Jennings Brewery was founded in the village of Lorton (situated between Keswick and Cockermouth) in 1828 by John Jennings (1783 – 1876), son of William Jennings (1751 – 1848) who was a Maltster by trade.
Some oral traditions claim the original brewery in Lorton was either at Scales or High Swinside. Certainly John Jennings (Snr.) lived and farmed at Scales. He also bought High Swinside in 1845, but more probably the brewery first operated in buildings near to the present Lorton Village Hall which was originally built as a malthouse
John’s son, John Jennings Junior (1813 – 1889) was certainly involved in his father’s business, but by 1851 John Junior’s business was described in the census as thread manufacturer.
The business had outgrown its home-brewed origins in Lorton and there was a need for a larger maltings and a building to house larger fermenting vessels. The nearest market town, Cockermouth, was the ideal base for expansion as it had a larger population with more opportunities to sell beer, and just as importantly the Castle Brewery site had an abundant supply of pure well water which has been used by the Castle as long ago as Norman times.
Between the move to Cockermouth in 1874 and 1881, both sites at Lorton and Cockermouth operated under one proprietorship. in 1881, control was divided with John Jennings Junior’s three sons assuming control of the Cockermouth site. Joseph Henry Jennings (1856 – 1899) became Head Brewer, Isaac Gaitskill Jennings (1852 – 1916) was Chairman and John Brown Jennings (1856 – 1896) was Vice Chairman.
In 1887 the brothers converted the concern into a limited company. At that time the business consisted of 3 maltings and 16 licensed outlets.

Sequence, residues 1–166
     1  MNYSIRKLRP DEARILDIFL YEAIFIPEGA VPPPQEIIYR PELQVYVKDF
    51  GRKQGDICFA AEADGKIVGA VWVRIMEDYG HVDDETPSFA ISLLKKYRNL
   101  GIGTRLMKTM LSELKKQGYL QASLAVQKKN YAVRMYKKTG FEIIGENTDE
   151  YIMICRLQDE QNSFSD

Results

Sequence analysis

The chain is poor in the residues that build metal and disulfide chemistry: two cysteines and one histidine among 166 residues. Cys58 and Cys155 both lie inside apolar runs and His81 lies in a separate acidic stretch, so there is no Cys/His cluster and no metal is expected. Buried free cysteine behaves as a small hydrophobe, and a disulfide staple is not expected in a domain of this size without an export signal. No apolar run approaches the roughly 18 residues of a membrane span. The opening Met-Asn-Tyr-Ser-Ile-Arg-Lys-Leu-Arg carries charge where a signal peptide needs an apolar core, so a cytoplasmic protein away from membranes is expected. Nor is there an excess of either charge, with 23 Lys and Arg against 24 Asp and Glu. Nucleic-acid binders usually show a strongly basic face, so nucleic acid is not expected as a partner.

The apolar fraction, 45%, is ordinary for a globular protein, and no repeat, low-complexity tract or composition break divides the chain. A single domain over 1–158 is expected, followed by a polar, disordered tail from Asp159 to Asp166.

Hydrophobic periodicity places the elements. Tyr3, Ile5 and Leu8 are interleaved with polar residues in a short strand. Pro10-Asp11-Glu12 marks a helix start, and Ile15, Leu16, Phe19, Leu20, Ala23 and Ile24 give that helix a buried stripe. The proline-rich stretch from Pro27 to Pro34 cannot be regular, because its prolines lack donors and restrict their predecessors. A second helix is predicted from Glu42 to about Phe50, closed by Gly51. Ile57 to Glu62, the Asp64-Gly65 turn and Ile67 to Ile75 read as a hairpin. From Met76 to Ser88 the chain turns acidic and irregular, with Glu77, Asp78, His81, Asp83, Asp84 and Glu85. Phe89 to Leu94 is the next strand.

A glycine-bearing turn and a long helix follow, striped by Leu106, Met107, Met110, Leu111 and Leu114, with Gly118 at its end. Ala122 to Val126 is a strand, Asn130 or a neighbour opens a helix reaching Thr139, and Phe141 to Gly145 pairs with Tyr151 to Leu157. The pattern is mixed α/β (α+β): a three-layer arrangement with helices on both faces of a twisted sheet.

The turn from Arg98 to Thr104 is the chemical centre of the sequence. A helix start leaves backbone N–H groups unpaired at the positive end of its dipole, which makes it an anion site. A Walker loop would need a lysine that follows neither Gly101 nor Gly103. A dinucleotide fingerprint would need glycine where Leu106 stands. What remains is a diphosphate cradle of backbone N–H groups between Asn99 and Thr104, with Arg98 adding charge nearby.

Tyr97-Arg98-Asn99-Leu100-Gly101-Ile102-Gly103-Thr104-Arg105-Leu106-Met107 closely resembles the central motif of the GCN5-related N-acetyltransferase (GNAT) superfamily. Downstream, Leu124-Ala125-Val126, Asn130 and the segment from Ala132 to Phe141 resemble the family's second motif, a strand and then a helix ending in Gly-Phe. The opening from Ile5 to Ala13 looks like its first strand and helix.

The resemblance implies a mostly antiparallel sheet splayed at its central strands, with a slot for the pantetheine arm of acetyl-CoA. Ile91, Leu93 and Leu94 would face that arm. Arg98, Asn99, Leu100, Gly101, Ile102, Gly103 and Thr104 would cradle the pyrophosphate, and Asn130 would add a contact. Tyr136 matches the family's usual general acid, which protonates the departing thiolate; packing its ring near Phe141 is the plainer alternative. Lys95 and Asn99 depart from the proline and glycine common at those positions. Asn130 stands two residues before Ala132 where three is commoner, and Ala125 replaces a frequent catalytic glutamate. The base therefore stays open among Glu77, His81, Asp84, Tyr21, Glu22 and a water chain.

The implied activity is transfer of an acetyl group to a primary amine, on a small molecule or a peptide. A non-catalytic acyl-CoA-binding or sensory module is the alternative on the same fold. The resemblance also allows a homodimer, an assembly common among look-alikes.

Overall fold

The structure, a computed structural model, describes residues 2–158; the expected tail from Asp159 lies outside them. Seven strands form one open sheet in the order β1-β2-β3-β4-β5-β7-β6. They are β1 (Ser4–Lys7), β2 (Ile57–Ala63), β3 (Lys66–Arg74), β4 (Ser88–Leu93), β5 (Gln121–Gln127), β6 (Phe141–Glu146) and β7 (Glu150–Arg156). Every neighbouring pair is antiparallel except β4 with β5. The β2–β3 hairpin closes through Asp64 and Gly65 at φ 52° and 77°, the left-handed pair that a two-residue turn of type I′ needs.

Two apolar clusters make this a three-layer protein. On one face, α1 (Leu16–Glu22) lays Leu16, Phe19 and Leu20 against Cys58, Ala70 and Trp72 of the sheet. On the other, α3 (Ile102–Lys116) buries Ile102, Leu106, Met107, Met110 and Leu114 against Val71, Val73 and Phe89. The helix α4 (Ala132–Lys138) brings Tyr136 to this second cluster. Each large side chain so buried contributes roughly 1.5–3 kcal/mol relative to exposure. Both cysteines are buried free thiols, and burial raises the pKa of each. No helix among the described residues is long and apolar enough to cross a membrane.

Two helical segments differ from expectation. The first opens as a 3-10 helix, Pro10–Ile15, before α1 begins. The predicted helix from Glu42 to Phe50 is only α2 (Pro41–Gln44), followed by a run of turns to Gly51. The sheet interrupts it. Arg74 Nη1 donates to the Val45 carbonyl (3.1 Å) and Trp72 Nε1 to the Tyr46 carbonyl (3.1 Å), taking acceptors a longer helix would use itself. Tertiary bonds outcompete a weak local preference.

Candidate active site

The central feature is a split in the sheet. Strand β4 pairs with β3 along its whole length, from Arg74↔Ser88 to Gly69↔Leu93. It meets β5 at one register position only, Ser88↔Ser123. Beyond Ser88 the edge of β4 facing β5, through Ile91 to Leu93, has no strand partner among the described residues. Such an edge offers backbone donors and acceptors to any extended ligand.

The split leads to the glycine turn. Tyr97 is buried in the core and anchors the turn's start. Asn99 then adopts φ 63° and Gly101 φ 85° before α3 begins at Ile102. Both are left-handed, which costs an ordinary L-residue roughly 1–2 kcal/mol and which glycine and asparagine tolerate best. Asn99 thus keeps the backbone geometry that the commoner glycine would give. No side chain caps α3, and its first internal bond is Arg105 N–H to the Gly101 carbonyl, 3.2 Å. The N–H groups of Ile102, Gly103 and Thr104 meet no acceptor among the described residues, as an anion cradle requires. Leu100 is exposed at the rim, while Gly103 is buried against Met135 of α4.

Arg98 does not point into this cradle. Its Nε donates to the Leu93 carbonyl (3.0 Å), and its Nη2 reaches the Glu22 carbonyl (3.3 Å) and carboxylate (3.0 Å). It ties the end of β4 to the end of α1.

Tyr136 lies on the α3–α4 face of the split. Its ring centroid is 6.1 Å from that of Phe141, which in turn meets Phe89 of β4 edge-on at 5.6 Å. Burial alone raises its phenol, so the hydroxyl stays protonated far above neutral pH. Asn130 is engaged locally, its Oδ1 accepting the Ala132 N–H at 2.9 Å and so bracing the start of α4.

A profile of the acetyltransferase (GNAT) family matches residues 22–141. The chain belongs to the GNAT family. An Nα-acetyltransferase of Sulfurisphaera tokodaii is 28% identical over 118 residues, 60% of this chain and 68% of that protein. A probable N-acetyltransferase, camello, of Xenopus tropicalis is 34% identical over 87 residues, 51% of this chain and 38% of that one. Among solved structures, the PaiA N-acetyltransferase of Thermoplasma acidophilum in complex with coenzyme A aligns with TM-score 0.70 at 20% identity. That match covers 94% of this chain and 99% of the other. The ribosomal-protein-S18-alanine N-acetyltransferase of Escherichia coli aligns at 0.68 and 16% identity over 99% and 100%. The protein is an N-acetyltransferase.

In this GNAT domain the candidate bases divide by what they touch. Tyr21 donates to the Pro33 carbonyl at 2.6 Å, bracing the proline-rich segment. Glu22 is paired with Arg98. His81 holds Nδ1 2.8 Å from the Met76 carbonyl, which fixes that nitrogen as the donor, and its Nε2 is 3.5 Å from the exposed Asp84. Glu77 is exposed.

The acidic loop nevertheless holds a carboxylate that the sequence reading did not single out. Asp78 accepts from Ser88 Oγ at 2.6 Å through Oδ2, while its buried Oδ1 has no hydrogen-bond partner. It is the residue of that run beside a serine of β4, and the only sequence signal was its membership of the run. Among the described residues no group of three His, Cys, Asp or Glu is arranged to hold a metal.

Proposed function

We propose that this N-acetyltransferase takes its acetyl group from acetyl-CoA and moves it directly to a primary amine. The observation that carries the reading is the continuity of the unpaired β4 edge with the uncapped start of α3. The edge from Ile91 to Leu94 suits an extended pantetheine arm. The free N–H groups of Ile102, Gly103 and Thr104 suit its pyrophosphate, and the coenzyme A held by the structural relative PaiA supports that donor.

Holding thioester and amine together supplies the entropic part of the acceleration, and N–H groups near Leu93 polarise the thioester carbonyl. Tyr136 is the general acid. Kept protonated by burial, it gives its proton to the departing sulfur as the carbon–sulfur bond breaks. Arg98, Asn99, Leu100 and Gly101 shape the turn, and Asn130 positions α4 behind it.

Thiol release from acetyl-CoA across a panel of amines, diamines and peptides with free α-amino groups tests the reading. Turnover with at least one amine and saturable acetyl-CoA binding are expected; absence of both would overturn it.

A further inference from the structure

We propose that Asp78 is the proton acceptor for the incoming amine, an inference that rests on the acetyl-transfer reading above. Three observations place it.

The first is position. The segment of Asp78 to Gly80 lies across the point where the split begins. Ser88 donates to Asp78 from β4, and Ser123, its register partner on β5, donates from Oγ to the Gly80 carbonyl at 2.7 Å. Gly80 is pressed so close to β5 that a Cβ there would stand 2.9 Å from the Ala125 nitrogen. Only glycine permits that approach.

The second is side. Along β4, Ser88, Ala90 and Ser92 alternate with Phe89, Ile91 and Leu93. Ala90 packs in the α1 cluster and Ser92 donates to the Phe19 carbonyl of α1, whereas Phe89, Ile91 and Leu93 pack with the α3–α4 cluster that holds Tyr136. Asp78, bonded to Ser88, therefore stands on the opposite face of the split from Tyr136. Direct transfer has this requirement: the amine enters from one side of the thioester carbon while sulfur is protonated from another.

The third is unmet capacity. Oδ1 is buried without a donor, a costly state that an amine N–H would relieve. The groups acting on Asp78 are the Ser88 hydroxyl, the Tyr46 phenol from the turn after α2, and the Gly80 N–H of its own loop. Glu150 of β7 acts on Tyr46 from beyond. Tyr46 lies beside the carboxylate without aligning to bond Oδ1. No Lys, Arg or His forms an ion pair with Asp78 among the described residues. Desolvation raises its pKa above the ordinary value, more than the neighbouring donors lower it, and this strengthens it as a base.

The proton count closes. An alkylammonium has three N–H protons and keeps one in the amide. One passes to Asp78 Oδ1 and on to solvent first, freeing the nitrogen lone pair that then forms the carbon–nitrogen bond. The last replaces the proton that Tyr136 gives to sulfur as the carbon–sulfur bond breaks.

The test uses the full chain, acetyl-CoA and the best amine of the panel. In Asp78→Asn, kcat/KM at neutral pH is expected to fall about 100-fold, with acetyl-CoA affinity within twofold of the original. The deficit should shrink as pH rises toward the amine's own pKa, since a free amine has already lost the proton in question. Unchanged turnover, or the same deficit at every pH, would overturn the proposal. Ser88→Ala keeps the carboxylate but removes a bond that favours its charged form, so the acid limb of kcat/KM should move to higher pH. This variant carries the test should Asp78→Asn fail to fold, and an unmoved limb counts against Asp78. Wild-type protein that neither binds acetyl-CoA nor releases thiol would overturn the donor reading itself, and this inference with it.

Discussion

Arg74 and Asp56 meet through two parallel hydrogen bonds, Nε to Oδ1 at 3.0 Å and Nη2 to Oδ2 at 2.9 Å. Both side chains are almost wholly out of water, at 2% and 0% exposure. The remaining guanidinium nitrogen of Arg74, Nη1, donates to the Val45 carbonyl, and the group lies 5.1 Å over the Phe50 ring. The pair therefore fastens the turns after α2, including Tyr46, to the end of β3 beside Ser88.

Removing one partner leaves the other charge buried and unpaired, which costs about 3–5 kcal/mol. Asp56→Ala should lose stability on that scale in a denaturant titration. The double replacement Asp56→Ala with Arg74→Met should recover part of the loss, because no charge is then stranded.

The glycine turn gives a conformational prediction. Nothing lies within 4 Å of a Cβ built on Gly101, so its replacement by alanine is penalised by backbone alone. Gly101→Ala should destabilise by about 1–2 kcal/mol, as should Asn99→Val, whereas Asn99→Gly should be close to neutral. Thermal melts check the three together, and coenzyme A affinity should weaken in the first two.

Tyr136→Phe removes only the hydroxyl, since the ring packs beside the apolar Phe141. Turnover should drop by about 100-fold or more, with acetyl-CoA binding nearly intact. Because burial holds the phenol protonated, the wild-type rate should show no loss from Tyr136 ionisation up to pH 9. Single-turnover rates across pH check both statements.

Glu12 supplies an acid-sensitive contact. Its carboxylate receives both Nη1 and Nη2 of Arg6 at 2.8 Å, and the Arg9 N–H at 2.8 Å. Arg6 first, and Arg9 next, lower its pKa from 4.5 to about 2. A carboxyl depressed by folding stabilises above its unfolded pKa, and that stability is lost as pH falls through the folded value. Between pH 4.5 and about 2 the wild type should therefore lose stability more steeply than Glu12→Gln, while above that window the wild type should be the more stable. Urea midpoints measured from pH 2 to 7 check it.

Many acquisitions of small breweries and public houses were made over the ensuing years. Four West Cumberland breweries were acquired in 1921 and Faulders Brewery of Keswick in 1926 Including a number of public houses.
There no longer exists any Jennings connection with the business. As the only independent brewer in Cumbria, 2005 saw the acquisition of Jennings Brewery by Marston’s PLC — a move which saw great benefits for the Cockermouth site. Plans were very quickly put in place to further invest in the brewery, which was very much linked to the potential volume growth of the beers.
Today, pure Lakeland water is still used for brewing, drawn from the brewery’s own well, and only the finest ingredients are added.
The real art is in the brewing itself, where the Head Brewer and his team use their years of experience and traditional brewing methods to create a range of superb Lakeland Ales.
The traditional values which the Jennings family instilled in the business are still respected, and combined with a modern day commercial approach, they have undoubtedly contributed to the success of Jennings ales today.
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